Jason Todd: Okay.
Steven L.: This happened a number of years ago when I was working in Chicago, worked with the musicians who played in the Lyric Opera and they’d talk about, “Oh man this conductor we’ve got now is really great. We really love him. Just great performances.” I’d go and see the performance and I think, “You know the orchestra is kind of playing sloppy and they’re playing in tune and what’s going on here?” Then they’d hear, “Oh this guy is a real jerk. We can’t follow him. He just waves his arms around and we just can’t figure out what’s happening.” I’d go and hear the performance and they sound great. They sound just really spectacular. Then I studied with a Russian conducting teacher, Russian conductor [inaudible 00:23:19].
He said that you have to make the orchestras a little bit uncomfortable if they get too comfortable they sit back in their chairs and they don’t really have to think. They don’t have to listen. You give it all to them and you show them the beat you have to make them sit up a little bit and work on finding where the unity is and how to play together. Then you’re all you’re all invested in it. It’s not just you up there waving your arms and sweating and everybody else sitting back in their chair and waiting for the rehearsal to be over.
Jason Todd: So by you not being too clear you encourage them to engage on their own, which then encourages a better final result.
Steven L.: Just something like giving a slow down beat for a chord that’s coming that the woodwinds have to play, and brass maybe, have to play this cord all together. There are ways of giving that downbeat so that they almost have no other choice but to play together. There are ways of giving the downbeat where you just kind of just go like this and you can’t see this because it’s … But you just sort of bring your hand down and stop.
Jason Todd: And suddenly they have to listen.
Steven L.: And then all of a sudden they have to sort of tune into each other and miraculously they all play together. It’s kind of a magic trick in a way. I just love to do it.
Jason Todd: This is one of those things maybe, you said you’ve been conducting for so long, one of those things that does sort of happen by magic and you I feel like I know less now than I did or I don’t know as much as I could have. There’s all of these things, maybe the magic of the performance and the energy of a certain person walking in the room and then how do you how do you conduct just enough. Give them just enough and let people do their own thing, which is sort of the magic in the art and the craftsmanship maybe behind conducting.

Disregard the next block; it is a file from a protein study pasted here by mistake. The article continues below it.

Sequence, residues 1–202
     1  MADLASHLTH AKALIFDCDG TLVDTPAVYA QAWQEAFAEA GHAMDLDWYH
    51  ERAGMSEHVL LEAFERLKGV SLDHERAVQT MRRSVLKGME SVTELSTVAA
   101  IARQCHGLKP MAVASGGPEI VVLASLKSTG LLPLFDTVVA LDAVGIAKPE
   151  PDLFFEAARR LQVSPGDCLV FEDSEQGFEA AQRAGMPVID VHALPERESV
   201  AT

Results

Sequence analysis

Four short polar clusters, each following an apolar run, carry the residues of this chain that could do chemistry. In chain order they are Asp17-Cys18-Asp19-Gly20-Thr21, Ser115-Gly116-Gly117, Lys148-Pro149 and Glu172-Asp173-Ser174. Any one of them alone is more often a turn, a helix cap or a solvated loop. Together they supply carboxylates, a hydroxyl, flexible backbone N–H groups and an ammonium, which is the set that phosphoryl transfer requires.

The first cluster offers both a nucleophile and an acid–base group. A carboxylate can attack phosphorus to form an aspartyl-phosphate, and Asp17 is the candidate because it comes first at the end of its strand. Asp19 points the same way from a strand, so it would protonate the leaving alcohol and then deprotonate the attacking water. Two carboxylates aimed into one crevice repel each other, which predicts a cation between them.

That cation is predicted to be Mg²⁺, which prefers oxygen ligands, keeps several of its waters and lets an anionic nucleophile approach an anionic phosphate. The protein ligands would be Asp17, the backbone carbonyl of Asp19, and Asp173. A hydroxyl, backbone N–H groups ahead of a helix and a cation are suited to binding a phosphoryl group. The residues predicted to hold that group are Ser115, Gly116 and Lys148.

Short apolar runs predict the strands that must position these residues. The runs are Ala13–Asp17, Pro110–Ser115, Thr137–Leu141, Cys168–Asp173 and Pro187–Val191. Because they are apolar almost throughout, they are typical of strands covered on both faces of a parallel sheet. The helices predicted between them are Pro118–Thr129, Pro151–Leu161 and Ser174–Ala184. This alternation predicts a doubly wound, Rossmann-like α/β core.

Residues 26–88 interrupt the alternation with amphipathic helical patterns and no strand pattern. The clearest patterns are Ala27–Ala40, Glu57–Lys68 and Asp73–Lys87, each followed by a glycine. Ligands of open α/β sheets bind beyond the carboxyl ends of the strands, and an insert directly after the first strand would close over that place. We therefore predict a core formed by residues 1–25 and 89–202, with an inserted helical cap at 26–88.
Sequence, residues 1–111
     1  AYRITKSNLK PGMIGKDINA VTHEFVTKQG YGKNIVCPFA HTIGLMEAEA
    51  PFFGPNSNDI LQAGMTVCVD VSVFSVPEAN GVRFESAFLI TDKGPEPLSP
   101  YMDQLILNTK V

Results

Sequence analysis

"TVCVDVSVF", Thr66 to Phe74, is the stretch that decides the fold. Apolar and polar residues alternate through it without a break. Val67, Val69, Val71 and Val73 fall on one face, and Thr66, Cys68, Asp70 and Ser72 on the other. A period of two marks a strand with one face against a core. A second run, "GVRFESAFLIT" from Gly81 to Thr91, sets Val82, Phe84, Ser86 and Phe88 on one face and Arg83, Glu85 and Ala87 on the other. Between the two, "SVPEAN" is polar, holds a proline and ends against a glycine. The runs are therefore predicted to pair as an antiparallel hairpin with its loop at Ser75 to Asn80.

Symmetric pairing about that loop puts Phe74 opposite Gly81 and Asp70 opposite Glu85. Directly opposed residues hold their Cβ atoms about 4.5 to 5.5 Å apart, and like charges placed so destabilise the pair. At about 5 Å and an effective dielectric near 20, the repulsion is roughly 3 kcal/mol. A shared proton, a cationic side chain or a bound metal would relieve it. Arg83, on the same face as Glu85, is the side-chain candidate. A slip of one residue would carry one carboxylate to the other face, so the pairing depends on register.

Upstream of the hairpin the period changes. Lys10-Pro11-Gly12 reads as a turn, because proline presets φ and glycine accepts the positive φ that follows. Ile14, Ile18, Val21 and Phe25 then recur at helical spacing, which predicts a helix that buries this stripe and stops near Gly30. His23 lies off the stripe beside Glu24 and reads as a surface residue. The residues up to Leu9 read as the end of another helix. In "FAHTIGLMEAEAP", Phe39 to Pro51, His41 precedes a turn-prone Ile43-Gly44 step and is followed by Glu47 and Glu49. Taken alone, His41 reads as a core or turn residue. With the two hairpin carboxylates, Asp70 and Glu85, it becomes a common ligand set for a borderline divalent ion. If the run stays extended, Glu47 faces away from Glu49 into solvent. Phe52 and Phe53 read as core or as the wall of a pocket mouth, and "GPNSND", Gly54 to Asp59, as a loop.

Steven L.: This is a whole business of analogies. Some people talk about a great orchestra as being like a highly tuned sports car. Some people say it’s like riding a racehorse or something. If you’re riding that horse and you kick him in the ribs you’re probably going to get thrown but you ride that horse and if you understand the horse and just leaning forward a little bit is going to … That’s all you need to do with to get that horse to move. Conducting an orchestra is a lot the same. You have to feel your way around a little bit. If you’re conducting and you feel the orchestra beginning to slow down a little bit, paradoxically you don’t start beating more, you start beating less and then they’ll speed up.
Jason Todd: Interesting.
Steven L.: They are just a little funny little tricks like that that you learn after a while. I was helping to helping a friend who was conducting his first Verdi Requiem and there’s a movement where the soprano and [inaudible 00:26:36] solo sing in octaves it’s quite slow. He was conducting faster and faster and faster and they were gasping for breath. And during the break he said “I don’t know what to do, I just can’t seem to sing it in tempo. I keep on getting it faster so they don’t have to breath so much.” That’s the problem, you’re conducting it so fast that they don’t have time to breathe. It’s not a question of breath control, of how long, the doing it twice that slow.
THey’ll probably be just fine because now they enough time to breathe, and sure enough it worked.
Jason Todd: So your background, are you a musician as well?
Steven L.: Well that depends if you …
Jason Todd: Consider conducting a musician.
Steven L.: Orchestras will quite often say, “Well, you’re a conductor or a musician.”
Jason Todd: You play an instrument.
Steven L.: I do. Matter of fact, I was walking past orchestra hall carrying my cello and I’m an amateur cellist, I’m not a professional cellist. But two guys in the Chicago Symphony were talking in front of Orchestra Hall and they saw me and they said, “Oh, I didn’t know you were a musician.” I started playing trumpet in grade school and high school and just got to be pretty good at it. I think what probably got me into classical music was Emerson Lake and Palmer. I first heard their pictures at an exhibition and the things that they did, the rock versions, and somebody said to me, “Well if you think that that’s good you ought to hear the original.” I heard the original and I said, “Yeah. I think I like this.” But that got me involved in classical music.